Made Up Masquerade: Hiding Behind the Expectation of Beauty

I am a nineteen-year-old girl who just bought her first compact over the summer. These days, that’s almost unheard of. “You can’t be beautiful as you are,” is the general consensus of social media and Hollywood Hills types, who roll into the bedrooms of teenage girls to say, “You aren’t good enough for us.”

Those kinds of people are the ones dishing out magazines with dieting tips, or like Kylie Jenner, who just put out an app that’s basically a style guide to being her. With makeup tutorials meant for teens, but are so excessively created they would be at home on a model. Being Kylie is not realistic. How does Kylie expect someone with no skills in the “putting a face on” department to master makeup tricks that expert makeup artists are doing for her? Not to mention, I’m someone who is not worth millions of dollars and cannot afford the expensive products Kylie recommends. Broke College Students put your hands up!

For reals here, I have a friend who grew up sheltered from TV, Video Games, THE INTERNET and she knows how to put on makeup better than I do. What’s the deal with that? How did she learn? How did any of my friends learn, for that matter?

Are some girls imbued with the know-how to contour like bosses at birth? Do others get struck by lightning at puberty and Bam! Amazing liquid eyeliner skills. What did I miss out on to be so inept as I am?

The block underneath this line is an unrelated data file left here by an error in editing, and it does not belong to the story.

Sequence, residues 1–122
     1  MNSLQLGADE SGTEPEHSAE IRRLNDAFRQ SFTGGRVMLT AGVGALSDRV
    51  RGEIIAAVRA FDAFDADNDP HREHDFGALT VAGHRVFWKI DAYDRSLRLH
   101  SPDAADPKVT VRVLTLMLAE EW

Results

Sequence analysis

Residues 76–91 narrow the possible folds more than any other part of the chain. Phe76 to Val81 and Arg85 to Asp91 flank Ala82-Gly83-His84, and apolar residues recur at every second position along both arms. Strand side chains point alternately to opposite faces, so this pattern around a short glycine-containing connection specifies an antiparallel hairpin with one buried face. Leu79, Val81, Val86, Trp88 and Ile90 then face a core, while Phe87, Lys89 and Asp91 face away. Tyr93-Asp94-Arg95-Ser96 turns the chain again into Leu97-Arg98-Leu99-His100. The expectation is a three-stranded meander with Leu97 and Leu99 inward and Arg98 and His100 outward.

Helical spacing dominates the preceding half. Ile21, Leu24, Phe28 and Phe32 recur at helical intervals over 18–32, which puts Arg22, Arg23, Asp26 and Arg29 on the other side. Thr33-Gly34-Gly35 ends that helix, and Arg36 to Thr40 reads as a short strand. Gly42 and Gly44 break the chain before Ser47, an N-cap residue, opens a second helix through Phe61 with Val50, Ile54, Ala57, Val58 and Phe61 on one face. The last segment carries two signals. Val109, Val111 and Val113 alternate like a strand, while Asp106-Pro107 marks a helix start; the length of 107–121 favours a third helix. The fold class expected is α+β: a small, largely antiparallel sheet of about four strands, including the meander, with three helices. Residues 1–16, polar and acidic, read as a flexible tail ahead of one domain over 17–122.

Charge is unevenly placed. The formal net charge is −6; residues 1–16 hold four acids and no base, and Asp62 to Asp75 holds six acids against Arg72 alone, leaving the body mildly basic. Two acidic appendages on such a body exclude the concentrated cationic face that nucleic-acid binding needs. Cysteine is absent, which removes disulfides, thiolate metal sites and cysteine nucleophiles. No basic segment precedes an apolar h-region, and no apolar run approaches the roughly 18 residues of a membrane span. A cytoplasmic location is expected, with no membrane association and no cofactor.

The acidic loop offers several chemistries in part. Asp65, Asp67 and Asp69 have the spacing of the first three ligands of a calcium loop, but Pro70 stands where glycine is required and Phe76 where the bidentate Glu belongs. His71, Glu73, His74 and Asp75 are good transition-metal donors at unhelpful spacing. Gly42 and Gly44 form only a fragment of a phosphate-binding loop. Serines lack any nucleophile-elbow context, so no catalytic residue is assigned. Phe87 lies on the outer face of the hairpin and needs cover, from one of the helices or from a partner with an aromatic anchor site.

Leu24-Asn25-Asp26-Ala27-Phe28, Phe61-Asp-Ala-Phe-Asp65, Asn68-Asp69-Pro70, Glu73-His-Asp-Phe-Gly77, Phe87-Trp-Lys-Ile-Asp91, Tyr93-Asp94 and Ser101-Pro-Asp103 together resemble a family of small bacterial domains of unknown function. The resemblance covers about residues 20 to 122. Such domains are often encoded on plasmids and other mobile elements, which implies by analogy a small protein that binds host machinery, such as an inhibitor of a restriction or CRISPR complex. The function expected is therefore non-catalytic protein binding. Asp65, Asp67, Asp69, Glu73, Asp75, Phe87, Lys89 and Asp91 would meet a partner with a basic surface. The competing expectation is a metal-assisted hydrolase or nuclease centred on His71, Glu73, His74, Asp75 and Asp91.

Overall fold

The most likely story is that the people who know the secret to makeup-ing were taught by their mothers. In all seriousness, though, some of these people are talented with natural God given gifts. That did not happen to me. My mom failed in How to be a Girl 101, so I have to suffer as well

Honestly, it isn’t like I never tried. I watched YouTube videos out the wazoo in an attempt to figure out the difference between concealer and foundation, or the secret trick to achieving the perfect cat-eye. (And we all know that unless you’ve got the steady hands of a neurosurgeon, that’s impossible.) Big name Vloggers like Zoella, Sprinkle of Glitter, Bethany Mota, and Michelle Phan down to the lesser known, but speedily rising, Manny Mua, Patrick Starrr, and Ellarie were my go-tos as I blossomed into makeup guru extraordinaire.

Or not.

I learned that “being a girl”, where the expectation to cake on layers of fancy face altering magic, is hard.  They can tell you how to do it, but actually doing it is completely different. Suffice to say, I am hopeless. No expert teaching, can overcome my wobbly fingers or inability to keep my eye shut without blinking uncontrollably. Pretty is difficult. The few times I have worn a complete face of makeup a friend did it for me and I may have looked absolutely gorgeous for the two hours I wore it, but the entire time the thought going through my head was how can people stand this on their faces. Answer: they trained themselves to be.